Sunday, October 2, 2016

Trump Now Starting to Close in on Lead in Presidential Elections

As of right now, Fivethirtyeight has Trump actually winning both battleground state of Florida and Ohio.

Several other polls show that the race is indeed tightening, and some (such as Bloomberg) are now suggesting that Trump has even taken a slight lead.

All of this after months of Hillary Clinton supporters absolutely adamantly assuring Americans that she was the only hope to defeat Trump.

I know that I have said this before (quite a few times, actually) but frankly, it needs to be said again: she is a pathetic candidate. Corrupt to the core, tired and way too much a part of the system that has screwed people over and rigged both the political and economic system against Americans, and people know it. Collectively, Americans are not as dumb and gullible as they used to be, although there are obvious exceptions (case in point, those adamant supporters of Donald Trump and Hillary Clinton). People recognize more than ever that traditional politicians are not the answer and, far from it, they are the problem. That overly polished style is what people now associate with the basest elements of politics, and who is more polished like that than the Clintons?

In fact, I personally believe that this lack of polish is what appeals to many Trump supporters to begin with. Despite policies that clearly aim to cater to the most privileged among us, he still has this reputation among supporters as an advocate of the common man. Yes, this billionaire born with a silver spoon in his mouth is, according to them, "one of us."

Of course, his act is preposterous, and anyone with some objectivity and common sense should easily be able to see through that illusion.

Yet, Hillary Clinton is such a weak opponent that many still opt for him, because she is seen, with some legitimacy, as worse. After all, Trump's lack of polish is probably a liability, where Clinton's connections and overly polished style to appeal to the widest possible voting base is increasingyl rightly seen as the problem. She has a history of being willing to say and do anything to get more power, to get elected into higher office. 

Frankly, people have had enough. 

Yet, the Democratic leadership, in their infinite wisdom, were too scared to stay out of the race when they saw for themselves just how weak and vulnerable a candidate she was. They had assumed that she was unbeatable, and once Bernie Sanders exposed that theory for the lie that it was, they resorted to cheating to make sure that she became the nominee.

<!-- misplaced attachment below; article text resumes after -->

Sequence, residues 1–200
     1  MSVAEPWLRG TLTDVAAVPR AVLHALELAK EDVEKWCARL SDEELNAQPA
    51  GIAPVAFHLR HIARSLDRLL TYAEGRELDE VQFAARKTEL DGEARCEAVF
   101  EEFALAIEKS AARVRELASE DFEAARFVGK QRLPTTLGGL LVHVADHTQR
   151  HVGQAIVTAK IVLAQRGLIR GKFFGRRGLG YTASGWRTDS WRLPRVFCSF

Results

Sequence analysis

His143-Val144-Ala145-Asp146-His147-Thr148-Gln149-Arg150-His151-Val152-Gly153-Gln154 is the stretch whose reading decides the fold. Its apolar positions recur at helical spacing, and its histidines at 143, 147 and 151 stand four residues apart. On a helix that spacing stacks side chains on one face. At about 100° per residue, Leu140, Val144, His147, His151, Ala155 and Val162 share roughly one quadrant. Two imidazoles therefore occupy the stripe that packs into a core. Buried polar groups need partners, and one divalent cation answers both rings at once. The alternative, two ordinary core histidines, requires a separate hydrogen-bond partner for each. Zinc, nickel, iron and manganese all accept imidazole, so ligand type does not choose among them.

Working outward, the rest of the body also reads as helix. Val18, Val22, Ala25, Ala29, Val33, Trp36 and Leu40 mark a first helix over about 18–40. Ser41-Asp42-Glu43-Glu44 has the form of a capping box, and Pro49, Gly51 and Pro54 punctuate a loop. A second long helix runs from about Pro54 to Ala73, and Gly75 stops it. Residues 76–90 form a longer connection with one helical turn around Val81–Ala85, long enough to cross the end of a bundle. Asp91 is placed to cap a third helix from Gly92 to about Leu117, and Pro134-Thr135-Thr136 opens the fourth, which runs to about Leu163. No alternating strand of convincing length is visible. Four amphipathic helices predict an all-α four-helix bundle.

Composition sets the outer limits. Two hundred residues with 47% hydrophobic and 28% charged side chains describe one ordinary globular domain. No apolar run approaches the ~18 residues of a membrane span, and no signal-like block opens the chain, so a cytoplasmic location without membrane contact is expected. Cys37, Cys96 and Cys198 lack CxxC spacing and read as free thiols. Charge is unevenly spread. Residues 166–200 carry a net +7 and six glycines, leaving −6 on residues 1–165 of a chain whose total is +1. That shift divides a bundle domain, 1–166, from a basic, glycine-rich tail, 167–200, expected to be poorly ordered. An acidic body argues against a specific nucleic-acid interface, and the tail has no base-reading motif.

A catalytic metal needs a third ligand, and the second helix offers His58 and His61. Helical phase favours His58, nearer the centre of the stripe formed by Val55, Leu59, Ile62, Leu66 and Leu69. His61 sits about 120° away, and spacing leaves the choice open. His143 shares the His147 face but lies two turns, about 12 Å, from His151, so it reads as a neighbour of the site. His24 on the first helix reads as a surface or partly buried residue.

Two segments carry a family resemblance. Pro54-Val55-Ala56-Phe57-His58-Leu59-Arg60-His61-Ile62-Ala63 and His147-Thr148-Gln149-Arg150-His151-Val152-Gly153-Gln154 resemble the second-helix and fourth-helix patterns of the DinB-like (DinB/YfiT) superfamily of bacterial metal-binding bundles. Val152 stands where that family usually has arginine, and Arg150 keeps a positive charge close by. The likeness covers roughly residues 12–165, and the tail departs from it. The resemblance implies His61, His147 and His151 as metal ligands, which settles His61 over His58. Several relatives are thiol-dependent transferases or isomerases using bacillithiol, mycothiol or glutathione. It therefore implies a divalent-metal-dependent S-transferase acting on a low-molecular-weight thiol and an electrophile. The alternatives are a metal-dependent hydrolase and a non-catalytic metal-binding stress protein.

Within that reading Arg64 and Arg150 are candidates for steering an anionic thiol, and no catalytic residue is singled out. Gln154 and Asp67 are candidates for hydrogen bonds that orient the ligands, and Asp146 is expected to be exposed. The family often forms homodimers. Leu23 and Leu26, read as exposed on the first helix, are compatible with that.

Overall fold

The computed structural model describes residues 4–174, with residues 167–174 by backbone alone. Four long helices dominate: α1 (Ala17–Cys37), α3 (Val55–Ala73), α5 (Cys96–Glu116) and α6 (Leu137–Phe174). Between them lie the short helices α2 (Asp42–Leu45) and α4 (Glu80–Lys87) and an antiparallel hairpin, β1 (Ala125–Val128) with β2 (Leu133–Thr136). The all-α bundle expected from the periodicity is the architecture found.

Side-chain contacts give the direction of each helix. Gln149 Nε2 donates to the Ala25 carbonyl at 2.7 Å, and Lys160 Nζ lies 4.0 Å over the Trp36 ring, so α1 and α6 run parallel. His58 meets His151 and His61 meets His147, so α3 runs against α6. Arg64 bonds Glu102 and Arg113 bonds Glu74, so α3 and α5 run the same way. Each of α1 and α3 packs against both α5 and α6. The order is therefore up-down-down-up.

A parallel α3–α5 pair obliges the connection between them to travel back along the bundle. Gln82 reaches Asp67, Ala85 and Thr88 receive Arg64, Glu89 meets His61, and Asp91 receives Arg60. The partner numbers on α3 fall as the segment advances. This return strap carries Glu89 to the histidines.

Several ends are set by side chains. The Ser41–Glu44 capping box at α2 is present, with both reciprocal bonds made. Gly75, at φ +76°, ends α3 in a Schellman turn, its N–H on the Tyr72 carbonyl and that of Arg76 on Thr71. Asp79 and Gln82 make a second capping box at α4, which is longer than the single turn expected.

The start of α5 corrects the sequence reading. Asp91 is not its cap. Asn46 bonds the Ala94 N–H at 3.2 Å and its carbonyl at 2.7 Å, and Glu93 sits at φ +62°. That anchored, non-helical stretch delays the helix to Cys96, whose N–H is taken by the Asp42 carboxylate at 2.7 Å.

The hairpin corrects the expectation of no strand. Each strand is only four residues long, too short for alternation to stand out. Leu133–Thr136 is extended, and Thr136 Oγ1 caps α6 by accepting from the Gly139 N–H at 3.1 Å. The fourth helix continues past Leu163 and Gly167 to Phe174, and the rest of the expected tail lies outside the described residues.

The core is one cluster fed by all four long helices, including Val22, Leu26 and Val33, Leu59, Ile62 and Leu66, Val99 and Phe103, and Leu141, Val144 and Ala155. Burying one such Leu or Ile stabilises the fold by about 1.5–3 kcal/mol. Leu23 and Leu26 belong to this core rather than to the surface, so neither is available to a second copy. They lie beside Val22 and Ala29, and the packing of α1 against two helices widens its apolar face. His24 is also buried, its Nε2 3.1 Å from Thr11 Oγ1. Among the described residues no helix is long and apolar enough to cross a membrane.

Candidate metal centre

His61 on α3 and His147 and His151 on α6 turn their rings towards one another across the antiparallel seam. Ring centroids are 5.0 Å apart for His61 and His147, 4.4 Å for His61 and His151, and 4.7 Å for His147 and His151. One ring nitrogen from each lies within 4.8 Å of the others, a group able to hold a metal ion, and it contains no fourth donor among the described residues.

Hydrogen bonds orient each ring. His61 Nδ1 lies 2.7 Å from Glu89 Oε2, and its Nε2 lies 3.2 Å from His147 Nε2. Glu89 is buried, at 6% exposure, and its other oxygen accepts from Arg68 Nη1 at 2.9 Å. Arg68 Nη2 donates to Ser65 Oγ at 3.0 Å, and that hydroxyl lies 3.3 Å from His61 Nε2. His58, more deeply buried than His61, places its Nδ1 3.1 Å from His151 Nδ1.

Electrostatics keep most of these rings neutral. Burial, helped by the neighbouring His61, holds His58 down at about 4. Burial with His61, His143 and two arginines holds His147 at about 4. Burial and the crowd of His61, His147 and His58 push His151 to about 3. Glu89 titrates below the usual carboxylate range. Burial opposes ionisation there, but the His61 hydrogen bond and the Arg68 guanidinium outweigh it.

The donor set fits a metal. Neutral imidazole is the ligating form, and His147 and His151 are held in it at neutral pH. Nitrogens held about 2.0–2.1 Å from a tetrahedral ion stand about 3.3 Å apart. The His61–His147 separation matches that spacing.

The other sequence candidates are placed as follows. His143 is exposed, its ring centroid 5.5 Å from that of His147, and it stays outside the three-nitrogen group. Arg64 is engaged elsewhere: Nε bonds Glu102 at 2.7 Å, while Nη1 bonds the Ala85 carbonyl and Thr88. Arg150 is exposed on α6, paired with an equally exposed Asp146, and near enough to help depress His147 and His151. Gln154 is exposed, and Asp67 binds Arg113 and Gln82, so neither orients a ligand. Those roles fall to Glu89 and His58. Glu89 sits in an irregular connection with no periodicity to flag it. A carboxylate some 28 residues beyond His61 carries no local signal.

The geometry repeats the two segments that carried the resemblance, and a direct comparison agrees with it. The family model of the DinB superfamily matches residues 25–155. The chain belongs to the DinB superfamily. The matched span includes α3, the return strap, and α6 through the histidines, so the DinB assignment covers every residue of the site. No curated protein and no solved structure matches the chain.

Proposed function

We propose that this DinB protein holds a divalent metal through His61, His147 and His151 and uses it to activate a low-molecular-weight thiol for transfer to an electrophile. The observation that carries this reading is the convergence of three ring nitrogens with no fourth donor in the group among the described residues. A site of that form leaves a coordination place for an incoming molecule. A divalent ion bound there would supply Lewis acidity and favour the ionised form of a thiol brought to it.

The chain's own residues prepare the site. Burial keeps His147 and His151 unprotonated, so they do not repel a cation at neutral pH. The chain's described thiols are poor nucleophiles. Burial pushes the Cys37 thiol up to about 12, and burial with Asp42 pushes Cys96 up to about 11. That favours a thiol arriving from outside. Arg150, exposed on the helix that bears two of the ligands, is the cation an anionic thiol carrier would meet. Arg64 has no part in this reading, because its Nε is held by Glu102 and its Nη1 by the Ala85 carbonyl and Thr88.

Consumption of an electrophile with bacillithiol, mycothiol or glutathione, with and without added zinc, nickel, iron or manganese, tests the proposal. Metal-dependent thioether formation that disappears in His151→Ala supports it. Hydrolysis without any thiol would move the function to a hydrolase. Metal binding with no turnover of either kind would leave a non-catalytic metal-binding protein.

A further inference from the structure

Now, Donald Trump, despite his eccentricities, is scoring points by basically insinuating the very same things that Sanders (and others, including President Obama) have long argued about Clinton. He is calling her "crooked Hillary" and suggesting that she is too much of an insider, too polished, and that far from the country being better because of her, it has reached a point where anybody would be better. And he is scoring points with that line of attack, to the point that, rather incredibly, he is closing in on what would be a shocking victory.

You would think that Hillary would have more to say than simply the same old tired message of "Vote for me, otherwise that guy gets in." Yet, she keeps resorting to that, and keeps losing what once had been a sizable lead in the polls as a result, mostly because she has no defense against his attacks against her. Indeed, she is a liability for the Democratic party, even though their most stubborn proponents still go to extraordinary lengths to deny this. 

And that mistake that they keep repeating could very well cost them the election, something that indeed seemed highly unlikely, if not impossible, just a few short months ago, when it was the fractioning of the Republican party that was making all of the news headlines.

Here is a depressing article about the now very real possibility that Trump may actually have a shot at winning this thing:

Trump surges in the polls as the first presidential debate with Clinton looms Katie Little, Sept. 26, 2016:

Who will win the presidency?

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